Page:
Maybe if they dictated that the new buildings should contribute significantly towards Cleveland Park's character, we wouldn't need to preserve clearly bad Main Street buildings.

by Thayer-D on Oct 5, 2013 8:27 pm • linkreport

If we want sidewalk seating than we need sidewalks of a certain width to not impede on people using the sidewalks.

There are places where people can walk 4 or 5 people side by side and still have room but when walking by the outdoor seating you can only get by single file which is a problem.

If there is going to be outside sidewalk seating for restaurant, lounge or whatever else than it should not take up space from people walking by it.

It gets worst when some of these restaurants turn into clubs with lines at night along K, I Streets or simply clubs on other streets throughout the city. I know that this does not pertain to Cleveland Park but there should be a standard width or space that is not impeded on.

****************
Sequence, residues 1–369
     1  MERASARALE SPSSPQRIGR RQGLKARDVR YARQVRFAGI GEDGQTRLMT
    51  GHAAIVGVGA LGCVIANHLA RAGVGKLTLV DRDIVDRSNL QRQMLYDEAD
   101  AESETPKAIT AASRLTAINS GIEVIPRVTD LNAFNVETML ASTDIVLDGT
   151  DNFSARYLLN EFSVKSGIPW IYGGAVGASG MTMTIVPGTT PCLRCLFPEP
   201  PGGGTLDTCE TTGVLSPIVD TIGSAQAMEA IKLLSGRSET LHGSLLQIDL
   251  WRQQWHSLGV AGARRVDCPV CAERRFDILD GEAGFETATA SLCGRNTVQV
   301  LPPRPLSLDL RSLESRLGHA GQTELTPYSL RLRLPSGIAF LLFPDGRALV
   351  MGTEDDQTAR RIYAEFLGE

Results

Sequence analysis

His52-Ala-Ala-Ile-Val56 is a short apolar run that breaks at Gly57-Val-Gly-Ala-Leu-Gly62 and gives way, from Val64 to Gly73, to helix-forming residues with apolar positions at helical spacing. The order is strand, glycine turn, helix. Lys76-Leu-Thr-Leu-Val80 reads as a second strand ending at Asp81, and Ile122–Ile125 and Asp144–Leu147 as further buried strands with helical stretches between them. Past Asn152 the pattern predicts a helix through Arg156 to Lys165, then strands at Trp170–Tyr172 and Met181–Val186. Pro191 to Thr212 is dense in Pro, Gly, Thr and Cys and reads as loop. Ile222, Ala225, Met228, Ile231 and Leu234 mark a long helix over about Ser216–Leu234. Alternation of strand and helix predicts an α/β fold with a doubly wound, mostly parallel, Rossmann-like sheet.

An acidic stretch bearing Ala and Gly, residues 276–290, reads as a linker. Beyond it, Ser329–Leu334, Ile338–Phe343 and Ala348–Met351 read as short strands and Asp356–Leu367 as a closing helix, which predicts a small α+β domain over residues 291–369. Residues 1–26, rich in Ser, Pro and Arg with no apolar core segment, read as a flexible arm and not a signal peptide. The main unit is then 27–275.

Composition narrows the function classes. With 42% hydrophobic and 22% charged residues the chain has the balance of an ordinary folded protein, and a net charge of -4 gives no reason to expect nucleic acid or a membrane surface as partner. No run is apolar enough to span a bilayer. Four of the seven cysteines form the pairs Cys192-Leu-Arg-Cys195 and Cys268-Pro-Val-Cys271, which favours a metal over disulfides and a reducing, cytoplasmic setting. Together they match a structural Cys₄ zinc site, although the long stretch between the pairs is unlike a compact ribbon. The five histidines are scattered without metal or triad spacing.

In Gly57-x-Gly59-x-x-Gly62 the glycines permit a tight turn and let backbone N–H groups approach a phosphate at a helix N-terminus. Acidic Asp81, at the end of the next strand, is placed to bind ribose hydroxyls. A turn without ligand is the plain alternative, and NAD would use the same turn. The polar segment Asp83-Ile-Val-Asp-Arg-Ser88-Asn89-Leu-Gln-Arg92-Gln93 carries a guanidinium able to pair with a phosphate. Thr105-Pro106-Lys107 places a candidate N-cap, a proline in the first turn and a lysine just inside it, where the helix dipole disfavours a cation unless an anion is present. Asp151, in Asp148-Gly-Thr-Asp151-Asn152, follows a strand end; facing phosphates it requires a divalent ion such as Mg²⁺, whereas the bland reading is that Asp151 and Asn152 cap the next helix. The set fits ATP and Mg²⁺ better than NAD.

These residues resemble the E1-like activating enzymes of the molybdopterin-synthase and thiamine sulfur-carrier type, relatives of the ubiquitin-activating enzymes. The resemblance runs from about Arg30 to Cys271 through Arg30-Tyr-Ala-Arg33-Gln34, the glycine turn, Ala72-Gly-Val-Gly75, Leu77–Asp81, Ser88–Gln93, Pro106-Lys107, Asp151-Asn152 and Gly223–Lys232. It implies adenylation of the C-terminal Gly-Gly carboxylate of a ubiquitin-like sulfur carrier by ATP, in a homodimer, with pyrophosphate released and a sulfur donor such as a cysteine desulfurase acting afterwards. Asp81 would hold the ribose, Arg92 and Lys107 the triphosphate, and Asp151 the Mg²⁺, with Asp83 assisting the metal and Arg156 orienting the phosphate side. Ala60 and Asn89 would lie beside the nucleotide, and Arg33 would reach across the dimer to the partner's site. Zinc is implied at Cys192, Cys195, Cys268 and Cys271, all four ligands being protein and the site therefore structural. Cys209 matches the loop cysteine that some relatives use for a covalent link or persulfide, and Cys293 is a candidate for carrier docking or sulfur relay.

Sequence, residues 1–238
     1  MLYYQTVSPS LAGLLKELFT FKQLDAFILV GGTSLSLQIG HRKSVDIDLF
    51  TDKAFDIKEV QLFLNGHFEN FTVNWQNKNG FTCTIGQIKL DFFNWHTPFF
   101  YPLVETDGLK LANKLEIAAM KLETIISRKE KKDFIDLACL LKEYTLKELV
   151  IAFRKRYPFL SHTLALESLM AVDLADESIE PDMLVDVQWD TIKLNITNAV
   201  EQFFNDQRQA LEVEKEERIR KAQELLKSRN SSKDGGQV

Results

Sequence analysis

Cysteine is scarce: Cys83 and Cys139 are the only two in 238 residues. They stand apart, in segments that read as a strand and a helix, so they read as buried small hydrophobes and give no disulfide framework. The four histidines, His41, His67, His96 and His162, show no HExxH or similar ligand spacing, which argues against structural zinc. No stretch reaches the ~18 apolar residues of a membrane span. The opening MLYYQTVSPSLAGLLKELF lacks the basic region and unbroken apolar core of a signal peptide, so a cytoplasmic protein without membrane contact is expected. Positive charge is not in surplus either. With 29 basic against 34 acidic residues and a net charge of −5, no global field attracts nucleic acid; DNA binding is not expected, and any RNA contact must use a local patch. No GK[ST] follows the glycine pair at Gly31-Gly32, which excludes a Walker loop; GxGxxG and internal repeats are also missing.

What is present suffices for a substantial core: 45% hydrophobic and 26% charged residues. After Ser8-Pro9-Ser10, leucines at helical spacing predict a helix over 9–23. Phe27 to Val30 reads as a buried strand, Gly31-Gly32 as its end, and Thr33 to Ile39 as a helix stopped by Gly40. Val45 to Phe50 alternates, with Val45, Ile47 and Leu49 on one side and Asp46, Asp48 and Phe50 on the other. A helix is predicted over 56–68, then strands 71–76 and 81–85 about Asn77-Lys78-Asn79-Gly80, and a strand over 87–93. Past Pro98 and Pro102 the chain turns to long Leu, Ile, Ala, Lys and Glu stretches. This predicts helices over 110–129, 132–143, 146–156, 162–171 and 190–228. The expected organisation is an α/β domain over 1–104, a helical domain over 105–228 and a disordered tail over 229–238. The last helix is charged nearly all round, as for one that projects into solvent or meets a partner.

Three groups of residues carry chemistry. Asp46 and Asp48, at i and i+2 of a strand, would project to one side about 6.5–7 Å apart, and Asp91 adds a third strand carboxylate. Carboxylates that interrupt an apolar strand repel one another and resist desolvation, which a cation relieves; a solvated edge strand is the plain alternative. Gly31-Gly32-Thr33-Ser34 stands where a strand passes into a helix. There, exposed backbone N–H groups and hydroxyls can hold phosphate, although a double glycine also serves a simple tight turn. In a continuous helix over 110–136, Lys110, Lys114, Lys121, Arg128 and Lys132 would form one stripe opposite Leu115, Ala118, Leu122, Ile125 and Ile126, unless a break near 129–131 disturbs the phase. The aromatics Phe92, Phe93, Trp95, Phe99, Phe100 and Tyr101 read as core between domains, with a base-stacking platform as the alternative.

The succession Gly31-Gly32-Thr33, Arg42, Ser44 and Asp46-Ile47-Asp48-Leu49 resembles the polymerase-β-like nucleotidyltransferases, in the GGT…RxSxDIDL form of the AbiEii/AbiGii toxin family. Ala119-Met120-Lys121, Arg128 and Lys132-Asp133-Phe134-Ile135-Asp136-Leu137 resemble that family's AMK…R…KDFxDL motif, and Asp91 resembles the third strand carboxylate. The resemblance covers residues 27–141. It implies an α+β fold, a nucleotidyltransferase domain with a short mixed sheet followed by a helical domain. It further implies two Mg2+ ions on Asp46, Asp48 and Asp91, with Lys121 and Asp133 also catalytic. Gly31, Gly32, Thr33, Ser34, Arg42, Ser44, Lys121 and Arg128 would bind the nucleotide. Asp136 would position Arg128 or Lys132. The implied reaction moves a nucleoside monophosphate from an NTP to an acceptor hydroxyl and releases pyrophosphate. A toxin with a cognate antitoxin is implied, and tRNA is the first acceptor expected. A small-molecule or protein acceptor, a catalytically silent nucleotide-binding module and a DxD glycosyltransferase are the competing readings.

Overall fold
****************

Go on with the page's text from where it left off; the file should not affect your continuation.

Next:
by kk on Oct 6, 2013 9:09 am • linkreport

Thanks to you folks who replied to my comment. I live in Crestwood. It is one of a number of communities within DC that are totally residential and lack mass transit access to stores and restaurants. We drive to other neighborhoods to shop because we have to. We are not comparable to visitors from Bethesda or Mt. Pleasant, since both of them have shops and eating places (and, unlike Bethesda, of course, we are DC taxpayers). We are not trying to dictate to other neighborhoods - but we would like DC planners to keep in mind the impact they have on us when they make changes elsewhere that affect parking (and don't make changes that would enhance our ability to use mass transit). Especially as District officials talk about making it easier to "age in place," they should realize how parking and transit decisions can make it especially difficult for seniors in purely residential neighborhoods.

by David on Oct 6, 2013 11:17 am • linkreport

"If we want sidewalk seating than we need sidewalks of a certain width to not impede on people using the sidewalks."